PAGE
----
Biotechnology Awards 2022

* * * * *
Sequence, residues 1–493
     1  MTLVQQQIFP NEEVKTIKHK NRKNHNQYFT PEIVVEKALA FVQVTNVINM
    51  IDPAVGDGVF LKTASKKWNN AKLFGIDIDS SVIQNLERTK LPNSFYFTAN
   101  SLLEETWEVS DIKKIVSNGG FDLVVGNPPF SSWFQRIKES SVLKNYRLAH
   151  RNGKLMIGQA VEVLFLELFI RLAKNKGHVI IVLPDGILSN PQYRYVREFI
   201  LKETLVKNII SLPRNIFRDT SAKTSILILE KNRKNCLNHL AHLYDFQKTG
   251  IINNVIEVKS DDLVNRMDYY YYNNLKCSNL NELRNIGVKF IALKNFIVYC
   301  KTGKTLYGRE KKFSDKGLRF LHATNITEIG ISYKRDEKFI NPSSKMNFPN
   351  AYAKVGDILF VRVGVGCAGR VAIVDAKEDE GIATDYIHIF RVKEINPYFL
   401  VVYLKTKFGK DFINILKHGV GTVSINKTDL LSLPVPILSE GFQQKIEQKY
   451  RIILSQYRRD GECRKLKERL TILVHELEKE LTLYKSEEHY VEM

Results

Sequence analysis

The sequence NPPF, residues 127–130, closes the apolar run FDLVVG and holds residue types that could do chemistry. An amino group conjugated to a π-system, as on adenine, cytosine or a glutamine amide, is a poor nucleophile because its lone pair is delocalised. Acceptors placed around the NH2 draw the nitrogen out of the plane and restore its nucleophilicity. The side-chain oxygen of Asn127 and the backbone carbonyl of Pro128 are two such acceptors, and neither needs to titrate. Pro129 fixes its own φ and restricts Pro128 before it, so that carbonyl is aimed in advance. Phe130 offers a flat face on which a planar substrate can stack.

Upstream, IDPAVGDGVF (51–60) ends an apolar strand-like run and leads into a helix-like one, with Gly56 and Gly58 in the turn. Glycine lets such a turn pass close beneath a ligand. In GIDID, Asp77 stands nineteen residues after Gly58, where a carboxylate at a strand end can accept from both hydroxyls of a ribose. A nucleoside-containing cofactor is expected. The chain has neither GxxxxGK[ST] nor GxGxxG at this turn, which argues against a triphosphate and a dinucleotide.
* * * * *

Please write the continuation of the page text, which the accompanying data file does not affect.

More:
GHP / Biotechnology Awards 2022 9 , Jan22683 Bridging the gap between Data Collection and Data Analysis It’s no secret that Life Sciences is both blessed and challenged by the exponential growth in the volume of biological research data. Science is creating data at machine scale, yet in many cases working to manage data and leverage that data at human scale. By some measures, scientists spend 50% to 60% of their time finding and organizing data for analysis. And this doesn’t even consider that at least part of the reproducibility challenge stems from a lack of sufficient assay metadata or other data provenance issues. “Researchers have become habituated to the struggle”, says Emerson Huitt, Founder and CEO of Snthesis. “It’s difficult for many to imagine answering their questions quickly and gaining insight into the research pipeline that can yield organisational impacts.” Prior to founding Snthesis in 2018, Huitt spent over a dozen years building one-off custom software solutions focused on addressing this challenge for biological research firms. Those custom solutions generally got the job done, but they were inflexible, difficult to evolve, and prohibitively expensive for all but the larger players in industry or academia. Huitt knew there was a need for a broadly available, sourceagnostic data integration and harmonization platform that utilized Semantic Web Technology / Natural Language Processing to create broad datasets that are easily searchable in a more comprehensive fashion. Instead of searching for a certain type of data in a certain place or a particular word in a spreadsheet, this technology would let the researcher ask the question “Which samples that Kathy tested last year gave us positive results in a particular media?” After working with a handful of private clients for a couple of years, the Snthesis Bio® Platform was recently released for commercial availability. The platform is source agnostic – ingesting data from spreadsheets, Electronic Lab Notebooks, LIMS systems, Sequencers, EHR data and even public datasets such as Refine.Bio or NCBI and others. Even if the data sources include thousands of spreadsheets collected by many people over a period of years, the combined results are easily searched using the platform’s comprehensive graphical query tools. Huitt notes “We process the data and analyze the shapes of the data to define categories for the system to recognize. These categories may include the origin of samples and who collected them – we work with our clients to identify and extract the things that are important to them”. The result is a clean, harmonized, and living collection of all the research data within the organisation – all searchable, shareable, and reusable. Ordinarily, an implementation of Snthesis Bio® involves ingesting years of archival research data (including thousands of old spreadsheets), integrating with ELN or LIMS tools, and then creating processes with the client to ingest and incorporate new data going forward as it’s created. “When implementing this solution, an organisation doesn’t need to have its data properly structured,” reports Joe Insinga, Snthesis’s Chief Growth Officer. “The organisation just needs a vision of how it wants its data to be structured.” And they don’t have to do that alone. “We have a workshop on day one,” Insinga says. “We discuss what companies want the results to look like and what vernacular or data classifications they want the system to use.” He adds “Different teams often have different names for the same things, and researchers often have an inconsistent approach to labeling spreadsheet columns from week to week or project to project”. The Snthesis Bio® Platform delivers detailed data rather than conclusions or analytical results – Snthesis is focused on cleaning, integrating, and harmonizing the data so it’s available for any of the powerful analysis tools that their clients choose to use. Towards the end of 2021, Snthesis spun out a portion of their Semantic Comprehension Engine (the “intelligence” behind the Platform) and created Snthesis Merge®, a tool for harmonizing and extending public and private datasets. “There is a tremendous amount of valuable data within some public databases, such as Refine.Bio or NCBI” Huitt says, “but once you pull a particular dataset you may be dealing with the impossible task of cleaning that public data so it can be put to good use”. In one recent example, a dataset pulled from Refine.Bio ran to over 7,000 columns of data, with one fundamental datapoint – the name of the disease – scattered across more than 40 of those columns amid thousands of rows. After configuring the Merge® tool on what to look for, the gene expression results were pulled within minutes and matched up with ICD10 disease codes from a cohort within the UK BioBank database. Let’s repeat that: Within minutes after being configured, the Snthesis Merge® tool matched UK BioBank patient records with relevant gene expression data. And it can do the same for nearly any public or private datasets. Durham, NC based Snthesis has been revenue-funded from inception. While there may be venture capital or an equity partner in their future, they are focused for now on adding a few commercial customers and continuing to add new features to both the Bio® platform and the Merge® tool. Website: Twitter: @SnthesisInc Inquiries: Joe Insinga, CGO via email [email protected] Snthesis, Inc